Wry is this dog larfin'?
When solar machinations disambiguate the confusion of the tenebrous night, then one's most sanguine expectation might be that today is Thursday (here on the left coast of NA anyways). Dog daze once again.
Did I leave ya at the gate, cats and kittens? Windfoggery will do that; but an ounce of perseverance is worth a pound of ... well, nevermind. At this stage of CwHD, a gander at pleonasms seems in order.
Any fool knows that fog rarely exists when the fair winds blow. Verbiage, verbosity, inevitably does just that. Often, with language, we find that the harder blows the wind, the denser gets the fog. This is windfoggery.
Gobbledygook is a common form employed by bureaucrats and politicians. Scientists are also prone to circumlocutions that raise blood pressure. Academics, too, wander in windfoggery droning on until their students' eyes glaze.
The sun chased the night away, as was expected, and today is Thursday. Better?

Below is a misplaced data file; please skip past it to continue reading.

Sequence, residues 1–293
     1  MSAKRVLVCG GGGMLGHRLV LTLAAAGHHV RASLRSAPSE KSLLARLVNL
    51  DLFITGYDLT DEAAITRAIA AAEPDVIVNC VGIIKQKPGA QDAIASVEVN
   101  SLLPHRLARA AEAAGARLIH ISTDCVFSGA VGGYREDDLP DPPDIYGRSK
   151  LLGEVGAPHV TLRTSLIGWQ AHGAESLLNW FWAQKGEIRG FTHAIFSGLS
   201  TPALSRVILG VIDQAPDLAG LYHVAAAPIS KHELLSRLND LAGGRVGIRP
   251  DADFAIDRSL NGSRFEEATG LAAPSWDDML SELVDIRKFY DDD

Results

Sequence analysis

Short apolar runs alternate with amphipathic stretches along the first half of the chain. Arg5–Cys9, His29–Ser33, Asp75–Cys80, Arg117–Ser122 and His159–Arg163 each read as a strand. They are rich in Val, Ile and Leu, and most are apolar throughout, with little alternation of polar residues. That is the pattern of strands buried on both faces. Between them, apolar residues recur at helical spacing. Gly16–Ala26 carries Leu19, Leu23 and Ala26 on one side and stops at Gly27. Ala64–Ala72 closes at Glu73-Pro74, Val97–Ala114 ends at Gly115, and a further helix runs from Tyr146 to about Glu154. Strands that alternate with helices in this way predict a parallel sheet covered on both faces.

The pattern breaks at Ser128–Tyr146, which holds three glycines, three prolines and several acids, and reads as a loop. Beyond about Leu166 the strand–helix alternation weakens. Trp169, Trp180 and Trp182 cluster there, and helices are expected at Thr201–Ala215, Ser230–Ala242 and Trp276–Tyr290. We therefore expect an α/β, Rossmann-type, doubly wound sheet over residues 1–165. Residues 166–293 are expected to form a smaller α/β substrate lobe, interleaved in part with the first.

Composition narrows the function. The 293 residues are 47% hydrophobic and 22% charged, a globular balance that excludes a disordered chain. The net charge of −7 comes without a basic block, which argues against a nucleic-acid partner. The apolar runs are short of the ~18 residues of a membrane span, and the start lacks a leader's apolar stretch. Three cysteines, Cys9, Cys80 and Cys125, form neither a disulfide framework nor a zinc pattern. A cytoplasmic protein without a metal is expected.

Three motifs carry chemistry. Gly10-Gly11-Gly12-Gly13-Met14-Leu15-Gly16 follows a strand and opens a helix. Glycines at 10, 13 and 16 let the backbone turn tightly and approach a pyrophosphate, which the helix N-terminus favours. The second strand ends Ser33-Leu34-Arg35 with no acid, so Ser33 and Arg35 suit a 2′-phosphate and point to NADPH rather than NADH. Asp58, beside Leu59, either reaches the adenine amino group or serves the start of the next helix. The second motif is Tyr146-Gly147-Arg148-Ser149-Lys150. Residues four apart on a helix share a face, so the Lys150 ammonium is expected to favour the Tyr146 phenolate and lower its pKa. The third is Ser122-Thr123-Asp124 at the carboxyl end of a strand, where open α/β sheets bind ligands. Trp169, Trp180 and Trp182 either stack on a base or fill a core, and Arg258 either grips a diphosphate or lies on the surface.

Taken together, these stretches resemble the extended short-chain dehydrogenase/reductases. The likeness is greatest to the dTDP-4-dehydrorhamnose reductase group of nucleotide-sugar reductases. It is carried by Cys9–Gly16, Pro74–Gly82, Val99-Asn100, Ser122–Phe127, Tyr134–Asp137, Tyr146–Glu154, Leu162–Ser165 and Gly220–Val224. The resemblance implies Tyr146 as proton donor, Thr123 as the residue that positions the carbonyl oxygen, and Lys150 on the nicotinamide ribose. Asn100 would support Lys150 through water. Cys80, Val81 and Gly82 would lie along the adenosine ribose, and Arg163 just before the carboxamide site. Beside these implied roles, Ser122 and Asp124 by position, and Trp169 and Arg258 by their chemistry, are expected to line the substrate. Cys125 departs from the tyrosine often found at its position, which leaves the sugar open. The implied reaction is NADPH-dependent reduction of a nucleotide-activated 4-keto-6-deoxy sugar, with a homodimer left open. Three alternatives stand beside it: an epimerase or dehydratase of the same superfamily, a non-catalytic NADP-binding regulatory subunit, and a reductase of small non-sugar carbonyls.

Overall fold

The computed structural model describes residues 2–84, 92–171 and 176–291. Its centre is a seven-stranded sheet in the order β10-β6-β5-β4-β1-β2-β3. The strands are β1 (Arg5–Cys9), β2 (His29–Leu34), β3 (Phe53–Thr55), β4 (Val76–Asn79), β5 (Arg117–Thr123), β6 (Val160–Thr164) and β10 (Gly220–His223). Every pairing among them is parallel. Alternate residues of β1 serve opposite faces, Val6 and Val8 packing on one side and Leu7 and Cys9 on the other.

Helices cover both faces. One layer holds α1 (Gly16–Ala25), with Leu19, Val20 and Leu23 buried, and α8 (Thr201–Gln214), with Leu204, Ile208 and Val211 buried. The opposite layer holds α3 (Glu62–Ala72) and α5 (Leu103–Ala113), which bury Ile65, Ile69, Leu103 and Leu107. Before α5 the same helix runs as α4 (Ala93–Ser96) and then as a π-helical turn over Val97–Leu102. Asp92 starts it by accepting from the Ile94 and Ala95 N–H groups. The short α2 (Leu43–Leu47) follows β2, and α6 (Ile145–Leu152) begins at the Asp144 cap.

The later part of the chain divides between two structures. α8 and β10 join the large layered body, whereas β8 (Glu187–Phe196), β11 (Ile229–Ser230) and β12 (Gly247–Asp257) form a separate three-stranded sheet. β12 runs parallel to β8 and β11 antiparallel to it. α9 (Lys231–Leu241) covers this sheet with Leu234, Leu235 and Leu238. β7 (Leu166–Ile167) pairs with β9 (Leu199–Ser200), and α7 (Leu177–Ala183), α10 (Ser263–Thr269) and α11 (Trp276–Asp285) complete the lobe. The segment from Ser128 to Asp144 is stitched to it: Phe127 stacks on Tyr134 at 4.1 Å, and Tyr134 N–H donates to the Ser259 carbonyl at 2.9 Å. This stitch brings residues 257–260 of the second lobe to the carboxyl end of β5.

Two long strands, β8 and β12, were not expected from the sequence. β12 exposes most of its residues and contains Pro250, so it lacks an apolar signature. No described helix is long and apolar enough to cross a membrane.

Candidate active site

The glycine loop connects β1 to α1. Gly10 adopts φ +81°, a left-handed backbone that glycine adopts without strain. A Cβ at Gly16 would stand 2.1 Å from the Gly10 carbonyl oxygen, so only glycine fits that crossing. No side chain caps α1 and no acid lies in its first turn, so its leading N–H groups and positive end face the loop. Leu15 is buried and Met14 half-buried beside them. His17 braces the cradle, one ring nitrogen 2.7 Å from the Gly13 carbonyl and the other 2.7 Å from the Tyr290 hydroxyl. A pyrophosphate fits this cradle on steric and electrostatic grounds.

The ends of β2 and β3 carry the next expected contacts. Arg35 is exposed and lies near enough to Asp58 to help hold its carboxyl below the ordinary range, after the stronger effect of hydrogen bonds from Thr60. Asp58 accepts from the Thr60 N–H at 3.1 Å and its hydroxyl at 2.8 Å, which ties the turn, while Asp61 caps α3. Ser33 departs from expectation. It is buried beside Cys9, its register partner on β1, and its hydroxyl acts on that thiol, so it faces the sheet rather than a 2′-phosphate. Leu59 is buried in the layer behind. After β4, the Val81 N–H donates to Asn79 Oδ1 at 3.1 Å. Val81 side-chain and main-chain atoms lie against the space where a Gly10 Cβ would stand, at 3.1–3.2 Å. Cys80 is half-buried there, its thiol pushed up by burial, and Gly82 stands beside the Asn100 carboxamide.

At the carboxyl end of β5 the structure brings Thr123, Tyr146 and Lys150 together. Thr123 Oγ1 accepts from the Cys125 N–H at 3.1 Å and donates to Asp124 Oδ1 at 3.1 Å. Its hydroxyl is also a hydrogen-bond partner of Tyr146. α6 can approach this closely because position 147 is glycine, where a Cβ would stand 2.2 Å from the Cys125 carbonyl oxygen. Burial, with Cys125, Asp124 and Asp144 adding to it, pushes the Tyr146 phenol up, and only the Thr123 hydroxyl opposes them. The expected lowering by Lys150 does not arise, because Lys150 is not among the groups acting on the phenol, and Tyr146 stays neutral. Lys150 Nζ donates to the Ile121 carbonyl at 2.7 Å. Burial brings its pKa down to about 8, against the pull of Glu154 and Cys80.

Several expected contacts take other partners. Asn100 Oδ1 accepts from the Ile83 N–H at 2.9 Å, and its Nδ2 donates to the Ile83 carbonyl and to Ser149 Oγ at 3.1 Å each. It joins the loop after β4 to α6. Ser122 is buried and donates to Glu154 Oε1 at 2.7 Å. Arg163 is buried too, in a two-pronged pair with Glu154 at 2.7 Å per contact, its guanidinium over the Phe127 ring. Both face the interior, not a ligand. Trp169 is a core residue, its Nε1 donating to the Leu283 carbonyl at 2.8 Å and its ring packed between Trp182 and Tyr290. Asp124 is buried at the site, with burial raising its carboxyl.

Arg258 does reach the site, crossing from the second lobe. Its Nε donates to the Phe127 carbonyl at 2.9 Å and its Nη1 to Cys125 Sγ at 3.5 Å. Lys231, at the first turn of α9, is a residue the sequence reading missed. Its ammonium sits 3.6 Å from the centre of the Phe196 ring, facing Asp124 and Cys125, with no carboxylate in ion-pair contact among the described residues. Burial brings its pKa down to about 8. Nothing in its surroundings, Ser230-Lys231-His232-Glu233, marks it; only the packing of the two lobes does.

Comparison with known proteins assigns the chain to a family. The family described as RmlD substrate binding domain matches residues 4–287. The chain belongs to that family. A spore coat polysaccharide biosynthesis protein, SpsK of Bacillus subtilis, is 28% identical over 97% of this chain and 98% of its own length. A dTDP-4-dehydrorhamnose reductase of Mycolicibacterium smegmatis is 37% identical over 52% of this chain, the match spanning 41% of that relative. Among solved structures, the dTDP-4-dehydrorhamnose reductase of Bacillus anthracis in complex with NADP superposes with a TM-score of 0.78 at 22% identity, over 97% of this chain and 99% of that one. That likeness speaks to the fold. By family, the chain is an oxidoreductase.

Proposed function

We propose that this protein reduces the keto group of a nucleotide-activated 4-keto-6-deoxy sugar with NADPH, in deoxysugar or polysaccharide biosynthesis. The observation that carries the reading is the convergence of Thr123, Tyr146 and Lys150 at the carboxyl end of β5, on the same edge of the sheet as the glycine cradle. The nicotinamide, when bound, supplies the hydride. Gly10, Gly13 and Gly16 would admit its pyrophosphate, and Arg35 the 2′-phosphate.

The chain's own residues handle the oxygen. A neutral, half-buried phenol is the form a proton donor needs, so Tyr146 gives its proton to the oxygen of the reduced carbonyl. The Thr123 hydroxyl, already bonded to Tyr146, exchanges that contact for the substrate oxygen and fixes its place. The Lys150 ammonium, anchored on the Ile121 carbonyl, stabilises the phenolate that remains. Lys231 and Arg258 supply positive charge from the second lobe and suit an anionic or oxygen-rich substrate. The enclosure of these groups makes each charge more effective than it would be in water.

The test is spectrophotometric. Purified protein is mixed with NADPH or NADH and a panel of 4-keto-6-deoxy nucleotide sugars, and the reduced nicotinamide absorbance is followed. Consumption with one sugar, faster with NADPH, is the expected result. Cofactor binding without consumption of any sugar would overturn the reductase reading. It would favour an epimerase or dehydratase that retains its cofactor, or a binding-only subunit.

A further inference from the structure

The active voice is one simple solution to the problem. The cat ate the mouse. More difficult to Latinize the active voice than otherwise. The passive voice requires more words and weakens the impact of the sentence, clarity-wise. The mouse was eaten by the cat. The active is a boxer, jabbing, on the attack. The passive is that very same boxer back peddling, on the defensive, strategy-wise.
One more thing, dear readers: drop the unnecessary prefixes and suffixes---'ize' and 'wise' are the worse offenders. Reading-wise, they be like fleas to hounds.
Arf arf: Ever heard a dog barking for hours on end? Windfoggery.